Attunement is something that any of us can do. It essentially means that not only are we aware of others’ emotions, but that we are also looking for ways that we can relate or have empathy. For example, a person who is acting defensively, angry, short or even sad, is telling us that something is not right. Not very often do any of us outright tell others we are not doing well. We tend to hold it all inside. Relationships are key to this. By building strong foundational relationships, when others show us a change in behavior—above the water line—the behavior can tell us that perhaps there are more serious issues that could be the cause for the change—below the water line. It also helps me understand that just because someone else is acting poorly, it is most likely not because of me and that I don’t need to take it personally. Instead, I can start by asking myself questions like, “I wonder what happened to make her so sad today?” Or, “I wonder if everything is OK at home?” From there, letting the person know we care and that we are there to help is important. For me, I am working on being calm when another person is “communicating” to me. Learning to take a second or two before I respond can make a huge difference. Pausing helps me to attune.

    Smart Watching

    Attuning to others is kind of like my friend’s smartwatch that quite possibly saved his life. In this work (maybe even, in this world) where we are educating others—learning and growing each day, being attuned can help us be that hand to lift others up out of what is happening to them. I like the idea of being a smart watcher. I know I am grateful for my friends who can see when my behaviors are communicating something other than my best self to others. It doesn’t take much to be a smart watcher of others’ behaviors and what they are communicating. The best part is being able to play a role in helping another with what might be going on below the water line—truly a smart watch.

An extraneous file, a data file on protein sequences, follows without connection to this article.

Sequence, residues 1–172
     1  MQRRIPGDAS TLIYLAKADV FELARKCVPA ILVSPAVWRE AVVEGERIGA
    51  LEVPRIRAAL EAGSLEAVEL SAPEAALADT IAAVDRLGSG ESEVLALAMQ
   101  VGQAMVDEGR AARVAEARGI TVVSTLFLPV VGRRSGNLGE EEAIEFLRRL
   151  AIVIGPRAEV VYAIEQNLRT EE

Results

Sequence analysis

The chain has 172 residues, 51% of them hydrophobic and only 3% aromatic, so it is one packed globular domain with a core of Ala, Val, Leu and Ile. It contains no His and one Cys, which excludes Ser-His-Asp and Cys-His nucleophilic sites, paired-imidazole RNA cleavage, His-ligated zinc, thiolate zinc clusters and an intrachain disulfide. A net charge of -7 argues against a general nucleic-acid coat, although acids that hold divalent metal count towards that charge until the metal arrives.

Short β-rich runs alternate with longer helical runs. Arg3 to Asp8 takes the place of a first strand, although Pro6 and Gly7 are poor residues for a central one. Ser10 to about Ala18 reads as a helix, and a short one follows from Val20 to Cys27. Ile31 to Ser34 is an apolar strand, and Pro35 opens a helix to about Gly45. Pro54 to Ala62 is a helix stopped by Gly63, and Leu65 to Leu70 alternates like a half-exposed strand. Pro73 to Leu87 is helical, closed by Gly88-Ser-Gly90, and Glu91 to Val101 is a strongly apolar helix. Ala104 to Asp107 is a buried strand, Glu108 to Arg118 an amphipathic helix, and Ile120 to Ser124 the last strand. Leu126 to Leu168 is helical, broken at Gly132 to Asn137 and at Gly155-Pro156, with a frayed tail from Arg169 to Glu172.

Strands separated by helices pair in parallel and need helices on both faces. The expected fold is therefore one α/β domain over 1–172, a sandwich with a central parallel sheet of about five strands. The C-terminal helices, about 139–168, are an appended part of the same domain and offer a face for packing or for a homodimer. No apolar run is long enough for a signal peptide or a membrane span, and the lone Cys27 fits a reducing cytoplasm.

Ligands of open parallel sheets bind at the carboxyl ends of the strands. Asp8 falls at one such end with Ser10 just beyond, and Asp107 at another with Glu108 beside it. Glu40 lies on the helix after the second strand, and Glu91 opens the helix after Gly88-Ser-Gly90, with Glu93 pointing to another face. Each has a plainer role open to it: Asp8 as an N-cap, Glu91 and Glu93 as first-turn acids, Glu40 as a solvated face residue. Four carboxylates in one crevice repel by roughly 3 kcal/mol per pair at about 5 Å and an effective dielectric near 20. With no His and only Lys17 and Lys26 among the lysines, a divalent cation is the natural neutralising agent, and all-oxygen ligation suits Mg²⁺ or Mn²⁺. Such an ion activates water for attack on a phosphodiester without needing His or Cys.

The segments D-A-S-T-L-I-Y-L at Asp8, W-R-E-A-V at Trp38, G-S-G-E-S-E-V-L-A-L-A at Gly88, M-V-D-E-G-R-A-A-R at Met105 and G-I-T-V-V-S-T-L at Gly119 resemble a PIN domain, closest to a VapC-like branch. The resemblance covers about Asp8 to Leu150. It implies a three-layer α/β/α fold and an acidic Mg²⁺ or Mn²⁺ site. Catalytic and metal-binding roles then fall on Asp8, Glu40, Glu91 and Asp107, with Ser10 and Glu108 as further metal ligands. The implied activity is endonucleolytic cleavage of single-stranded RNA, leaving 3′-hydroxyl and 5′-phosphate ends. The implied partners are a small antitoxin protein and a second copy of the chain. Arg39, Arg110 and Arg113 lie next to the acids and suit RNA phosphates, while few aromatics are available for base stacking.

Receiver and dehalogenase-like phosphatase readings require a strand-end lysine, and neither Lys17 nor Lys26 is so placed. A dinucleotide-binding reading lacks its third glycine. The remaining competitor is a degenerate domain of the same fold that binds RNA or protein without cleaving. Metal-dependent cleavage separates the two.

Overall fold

We are:






    Personally Responsible

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  • Our Best Self for the New Year

    Posted by Todd Bloomquist on 1/7/2019

    It is the New Year, a time typically associated with New Year’s Resolutions, making a fresh start, and getting healthier. As I look back on how many of those Resolutions I have made in my life, I am a bit embarrassed at how few of them I actually have been able to keep. I even made a Resolution many years ago, not to make any Resolutions because they just made me feel like a loser. Why is it that every time I make a Resolution I fail so quickly? If any of this resembles your life, please know, you are not alone. According to a 2018 US News & World Report, they estimate that about 80% of Americans fail at our New Year’s Resolution by February! If we think about it, why would so many of us try to do something new if we mostly failed at it–every year? Fortunately, there is some guidance that comes from the brain science and I think for many of us, it could really help in how we take care of ourselves.

    My stress friends–salt, sugar, carbohydrates, and caffeine